SpaceX’s Falcon 9 rocket and Dragon cargo spacecraft are set to lift off in a few short minutes, as the company begins its CRS commercial resupply missions to the International Space Station. The launch is scheduled for 8:34PM EDT from Cape Canaveral Air Force Station in Florida, and is streaming right now on NASA's website.

The mission is the first of twelve scheduled resupply flights, a contract with NASA worth $1.6 billion. While this is the first commercial voyage, the company successfully docked with the ISS back in May as part of a test flight, following multiple delays. The craft is scheduled to arrive on Wednesday and begin unloading its 1,000 pounds of supplies, before returning late in the month with some 1,200 pounds of scientific materials and space station hardware.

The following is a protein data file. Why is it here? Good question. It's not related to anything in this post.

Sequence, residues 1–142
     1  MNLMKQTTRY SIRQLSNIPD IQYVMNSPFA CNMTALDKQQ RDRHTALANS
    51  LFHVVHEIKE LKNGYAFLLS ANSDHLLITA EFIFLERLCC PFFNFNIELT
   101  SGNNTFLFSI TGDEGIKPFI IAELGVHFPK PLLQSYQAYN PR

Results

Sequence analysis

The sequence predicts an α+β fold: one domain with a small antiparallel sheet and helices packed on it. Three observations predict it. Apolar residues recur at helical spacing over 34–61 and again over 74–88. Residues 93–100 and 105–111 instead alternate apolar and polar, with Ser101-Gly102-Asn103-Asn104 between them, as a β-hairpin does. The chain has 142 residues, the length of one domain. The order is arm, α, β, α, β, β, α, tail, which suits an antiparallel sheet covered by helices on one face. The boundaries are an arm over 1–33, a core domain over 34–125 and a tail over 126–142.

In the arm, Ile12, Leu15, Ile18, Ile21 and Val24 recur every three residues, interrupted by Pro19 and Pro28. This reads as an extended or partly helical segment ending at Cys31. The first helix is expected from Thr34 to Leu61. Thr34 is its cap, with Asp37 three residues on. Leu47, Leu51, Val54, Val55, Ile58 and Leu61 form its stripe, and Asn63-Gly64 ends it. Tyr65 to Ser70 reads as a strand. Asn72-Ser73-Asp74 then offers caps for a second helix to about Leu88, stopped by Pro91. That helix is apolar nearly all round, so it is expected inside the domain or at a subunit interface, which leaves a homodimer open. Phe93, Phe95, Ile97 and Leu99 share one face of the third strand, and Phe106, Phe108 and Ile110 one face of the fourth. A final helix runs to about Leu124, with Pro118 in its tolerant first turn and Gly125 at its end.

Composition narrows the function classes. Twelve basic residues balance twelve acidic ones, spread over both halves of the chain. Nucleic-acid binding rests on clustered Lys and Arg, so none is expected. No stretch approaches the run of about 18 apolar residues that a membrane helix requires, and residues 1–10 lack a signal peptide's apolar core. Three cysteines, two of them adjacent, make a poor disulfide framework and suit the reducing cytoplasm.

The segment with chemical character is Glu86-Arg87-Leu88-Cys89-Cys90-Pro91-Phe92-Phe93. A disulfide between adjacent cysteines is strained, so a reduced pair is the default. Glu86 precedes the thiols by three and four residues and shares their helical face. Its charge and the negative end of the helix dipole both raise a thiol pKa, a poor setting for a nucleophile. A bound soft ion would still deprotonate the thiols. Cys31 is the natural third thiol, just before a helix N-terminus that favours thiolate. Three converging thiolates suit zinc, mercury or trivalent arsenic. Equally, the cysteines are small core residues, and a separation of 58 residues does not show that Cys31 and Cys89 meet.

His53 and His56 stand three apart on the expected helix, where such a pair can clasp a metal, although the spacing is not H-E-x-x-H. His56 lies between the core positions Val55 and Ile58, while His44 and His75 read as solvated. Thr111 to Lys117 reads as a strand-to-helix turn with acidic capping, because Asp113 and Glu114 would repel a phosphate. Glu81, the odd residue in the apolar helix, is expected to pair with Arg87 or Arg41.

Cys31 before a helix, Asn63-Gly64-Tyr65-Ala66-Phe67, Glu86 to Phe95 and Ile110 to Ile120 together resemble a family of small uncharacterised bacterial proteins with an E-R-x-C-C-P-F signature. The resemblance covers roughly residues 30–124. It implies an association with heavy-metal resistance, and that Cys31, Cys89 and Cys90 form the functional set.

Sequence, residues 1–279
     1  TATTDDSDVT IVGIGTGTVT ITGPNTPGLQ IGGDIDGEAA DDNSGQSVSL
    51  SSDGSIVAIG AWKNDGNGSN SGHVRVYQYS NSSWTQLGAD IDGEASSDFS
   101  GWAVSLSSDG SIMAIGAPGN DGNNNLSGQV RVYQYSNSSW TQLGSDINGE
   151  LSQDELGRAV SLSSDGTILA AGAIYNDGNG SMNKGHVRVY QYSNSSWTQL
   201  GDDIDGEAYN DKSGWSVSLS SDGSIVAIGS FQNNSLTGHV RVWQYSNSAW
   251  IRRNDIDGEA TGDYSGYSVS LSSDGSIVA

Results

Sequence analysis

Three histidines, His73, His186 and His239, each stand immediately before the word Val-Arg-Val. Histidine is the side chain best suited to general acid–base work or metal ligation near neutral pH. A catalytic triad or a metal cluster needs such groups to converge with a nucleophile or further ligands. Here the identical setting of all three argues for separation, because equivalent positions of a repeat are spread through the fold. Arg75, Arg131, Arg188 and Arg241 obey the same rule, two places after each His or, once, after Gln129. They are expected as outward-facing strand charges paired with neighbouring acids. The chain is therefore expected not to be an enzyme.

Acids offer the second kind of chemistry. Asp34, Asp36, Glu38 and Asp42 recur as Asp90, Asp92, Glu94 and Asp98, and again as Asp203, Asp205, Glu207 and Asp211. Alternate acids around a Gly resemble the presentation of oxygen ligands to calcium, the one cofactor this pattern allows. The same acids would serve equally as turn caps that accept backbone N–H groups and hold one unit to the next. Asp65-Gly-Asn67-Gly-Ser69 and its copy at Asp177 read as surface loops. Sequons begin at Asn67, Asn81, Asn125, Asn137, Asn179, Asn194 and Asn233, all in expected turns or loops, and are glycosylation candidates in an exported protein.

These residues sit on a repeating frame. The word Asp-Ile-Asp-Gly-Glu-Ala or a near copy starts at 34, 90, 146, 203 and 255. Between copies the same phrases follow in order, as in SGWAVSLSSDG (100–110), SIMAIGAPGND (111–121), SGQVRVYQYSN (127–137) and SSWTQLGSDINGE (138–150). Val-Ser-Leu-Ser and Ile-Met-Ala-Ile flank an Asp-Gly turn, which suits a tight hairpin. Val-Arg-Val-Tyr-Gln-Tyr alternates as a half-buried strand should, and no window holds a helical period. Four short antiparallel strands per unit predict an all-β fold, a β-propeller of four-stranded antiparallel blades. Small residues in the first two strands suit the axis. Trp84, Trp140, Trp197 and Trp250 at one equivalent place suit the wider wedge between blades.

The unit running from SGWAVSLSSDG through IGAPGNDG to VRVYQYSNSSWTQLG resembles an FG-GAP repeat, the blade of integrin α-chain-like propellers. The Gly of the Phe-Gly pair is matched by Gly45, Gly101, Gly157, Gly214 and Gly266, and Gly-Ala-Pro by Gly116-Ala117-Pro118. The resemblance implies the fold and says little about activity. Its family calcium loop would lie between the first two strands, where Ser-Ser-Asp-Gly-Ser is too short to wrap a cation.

Update: So far so good. Approximately ten minutes after launch, the Dragon spacecraft successfully separated from the Falcon 9 rocket's second stage, achieving preliminary orbit. Shortly afterward, it successfully deployed the solar arrays that will provide power to the craft, as the Dragon begins its voyage to the International Space Station. For those who missed the live stream of the launch, SpaceX has uploaded video of the event (below).

Update: At a press conference following the launch, SpaceX CEO Gwen Shotwell answered questions about an anomaly in one of the Falcon 9's Merlin engines, which likely caused the rocket's first stage to burn longer than planned. Shotwell said SpaceX will have speak more on the anomaly tomorrow, but noted that the Falcon 9 is designed to "get where it's going even if you lose an engine."